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shedbound
18th Mar 2016, 06:31 PM
Sorry if this has been asked before,
Just wondering what all you turners do with your finished articles.
I tend to give my stuff away as little gifts (bowls pens etc), but once you run out of people to give them to what then?
Some people dont actually like timber, but don't want to offend, so they take it anyway.
Pens are quite readily taken as they are useful, but what about bowls, I find that I have reached a stage where I have fun turning it, admire it for 5 minutes or so, then file it in the back of a cupboard in the shed.

Geographically I don't have a brilliant local market, and I'm not inclined to waste a Whole Sunday in the hope that I may sell a bowl for less than I could get for the blank.

wood hacker
18th Mar 2016, 06:45 PM
Like you I tend to give mine away as gifts. Currently working on a series of bowls where the timber came from a 140 year old Bunya Pine that blew over in the local school during a storm. All the bowls from this will be given back to the school to use for prizes / gifts.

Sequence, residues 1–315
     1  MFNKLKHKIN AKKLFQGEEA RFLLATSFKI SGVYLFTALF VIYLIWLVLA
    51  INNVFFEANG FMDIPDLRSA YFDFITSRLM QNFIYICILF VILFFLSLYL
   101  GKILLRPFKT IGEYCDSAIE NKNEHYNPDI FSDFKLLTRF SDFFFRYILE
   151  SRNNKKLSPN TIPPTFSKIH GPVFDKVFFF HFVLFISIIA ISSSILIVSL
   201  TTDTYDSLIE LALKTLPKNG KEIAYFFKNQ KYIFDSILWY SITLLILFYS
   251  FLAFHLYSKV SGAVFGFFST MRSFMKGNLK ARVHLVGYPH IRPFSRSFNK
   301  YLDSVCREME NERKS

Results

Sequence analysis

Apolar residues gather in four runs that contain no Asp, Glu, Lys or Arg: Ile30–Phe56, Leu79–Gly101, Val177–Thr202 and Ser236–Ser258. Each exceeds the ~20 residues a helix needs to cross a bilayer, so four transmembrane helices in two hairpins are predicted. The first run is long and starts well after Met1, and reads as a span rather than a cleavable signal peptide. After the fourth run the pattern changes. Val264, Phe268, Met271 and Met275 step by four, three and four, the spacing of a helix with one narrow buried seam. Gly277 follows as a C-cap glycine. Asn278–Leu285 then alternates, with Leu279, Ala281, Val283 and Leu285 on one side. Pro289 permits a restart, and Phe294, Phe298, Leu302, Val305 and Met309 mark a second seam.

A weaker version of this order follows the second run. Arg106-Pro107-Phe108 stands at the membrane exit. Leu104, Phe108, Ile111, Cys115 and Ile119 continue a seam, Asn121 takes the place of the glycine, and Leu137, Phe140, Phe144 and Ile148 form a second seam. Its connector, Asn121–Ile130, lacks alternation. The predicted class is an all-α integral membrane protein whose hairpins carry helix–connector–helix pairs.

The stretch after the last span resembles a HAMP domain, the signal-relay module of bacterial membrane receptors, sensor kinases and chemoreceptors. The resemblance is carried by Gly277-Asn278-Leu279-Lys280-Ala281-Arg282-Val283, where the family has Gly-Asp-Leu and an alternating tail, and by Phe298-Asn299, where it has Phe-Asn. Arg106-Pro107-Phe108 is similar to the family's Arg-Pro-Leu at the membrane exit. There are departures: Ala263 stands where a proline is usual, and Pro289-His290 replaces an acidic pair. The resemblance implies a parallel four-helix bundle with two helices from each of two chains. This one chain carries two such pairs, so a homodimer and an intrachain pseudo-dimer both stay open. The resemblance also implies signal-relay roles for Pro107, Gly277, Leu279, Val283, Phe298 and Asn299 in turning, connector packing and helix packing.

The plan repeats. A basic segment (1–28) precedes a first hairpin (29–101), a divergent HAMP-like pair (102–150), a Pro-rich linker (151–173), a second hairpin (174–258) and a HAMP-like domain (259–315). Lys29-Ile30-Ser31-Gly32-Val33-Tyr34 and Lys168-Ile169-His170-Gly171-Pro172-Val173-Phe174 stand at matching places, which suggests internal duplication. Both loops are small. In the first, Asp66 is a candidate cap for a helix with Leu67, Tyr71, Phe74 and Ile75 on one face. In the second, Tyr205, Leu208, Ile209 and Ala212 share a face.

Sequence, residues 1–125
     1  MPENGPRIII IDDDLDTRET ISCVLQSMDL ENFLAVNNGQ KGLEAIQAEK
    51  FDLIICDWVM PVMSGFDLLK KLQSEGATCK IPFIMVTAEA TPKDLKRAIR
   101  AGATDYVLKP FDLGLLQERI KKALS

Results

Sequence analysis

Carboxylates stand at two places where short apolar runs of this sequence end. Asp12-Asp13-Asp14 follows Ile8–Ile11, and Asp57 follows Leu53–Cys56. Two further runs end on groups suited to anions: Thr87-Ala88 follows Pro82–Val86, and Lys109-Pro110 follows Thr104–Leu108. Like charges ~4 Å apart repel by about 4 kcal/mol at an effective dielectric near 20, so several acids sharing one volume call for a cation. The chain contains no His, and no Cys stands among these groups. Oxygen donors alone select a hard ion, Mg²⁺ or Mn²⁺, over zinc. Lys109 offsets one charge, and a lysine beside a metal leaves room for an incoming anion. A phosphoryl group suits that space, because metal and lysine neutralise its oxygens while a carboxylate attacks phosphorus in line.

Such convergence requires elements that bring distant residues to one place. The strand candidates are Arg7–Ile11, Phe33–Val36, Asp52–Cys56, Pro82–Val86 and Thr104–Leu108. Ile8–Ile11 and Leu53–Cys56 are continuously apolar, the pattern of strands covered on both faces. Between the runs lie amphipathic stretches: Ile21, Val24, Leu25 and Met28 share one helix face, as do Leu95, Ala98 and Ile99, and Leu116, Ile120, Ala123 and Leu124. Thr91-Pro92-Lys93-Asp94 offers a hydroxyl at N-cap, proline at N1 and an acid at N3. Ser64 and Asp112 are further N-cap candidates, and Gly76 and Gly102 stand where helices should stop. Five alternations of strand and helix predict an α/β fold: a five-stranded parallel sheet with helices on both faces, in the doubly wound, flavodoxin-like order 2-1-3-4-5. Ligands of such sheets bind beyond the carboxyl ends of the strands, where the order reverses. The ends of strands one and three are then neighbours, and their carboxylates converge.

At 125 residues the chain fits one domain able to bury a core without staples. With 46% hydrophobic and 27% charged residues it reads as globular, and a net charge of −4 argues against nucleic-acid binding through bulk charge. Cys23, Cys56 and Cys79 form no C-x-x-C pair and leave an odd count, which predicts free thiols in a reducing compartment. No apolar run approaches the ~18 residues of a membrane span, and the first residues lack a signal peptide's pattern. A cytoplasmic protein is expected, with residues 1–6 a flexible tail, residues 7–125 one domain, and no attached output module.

cheers
WH

Grommett
18th Mar 2016, 06:51 PM
Our local club, Wonthaggi Woodcrafters, runs a pop up shop in December/January and a couple of smaller events at Cowes over Easter and Cup weekend. Moves heaps. What about your local?

shedbound
18th Mar 2016, 07:03 PM
Our local club, Wonthaggi Woodcrafters, runs a pop up shop in December/January and a couple of smaller events at Cowes over Easter and Cup weekend. Moves heaps. What about your local?



I am not a member of any clubs, its not really my scene, I like my alone time, with machinery and tools that I know are maintained. Where I can pick and choose my hours. In having said that I have a feeling that the local Moe Wood Turners may have folded, please correct me if I am wrong.

artful bodger
18th Mar 2016, 07:07 PM
I guess it depends on "why you turn things in the first place".
As turning is a large part of my living I would not make something that someone was not going to buy. Although we all have failures.
However if you turn for purely fun and don't give a rat's about selling things then there are no rules and you have complete freedom. If you run out of people to give them to you could just leave them in the street with a FREE sign next to them if you are running out of storage room.

KBs PensNmore
19th Mar 2016, 12:03 AM
You could donate them to your local Hospital/Fire service/Service Club/School, to use as fund raisers/raffle prizes. I'm certain that they would be appreciated immensely.
I made 65 that went to the local hospitals Volunteers as Christmas Presents.
Kryn

shedbound
19th Mar 2016, 12:12 AM
You could donate them to your local Hospital/Fire service/Service Club/School, to use as fund raisers/raffle prizes. I'm certain that they would be appreciated immensely.
I made 65 that went to the local hospitals Volunteers as Christmas Presents.
Kryn


Great idea Kryn, Kudos to you.
regards
Joel

Paul39
19th Mar 2016, 12:44 AM
Shedbound,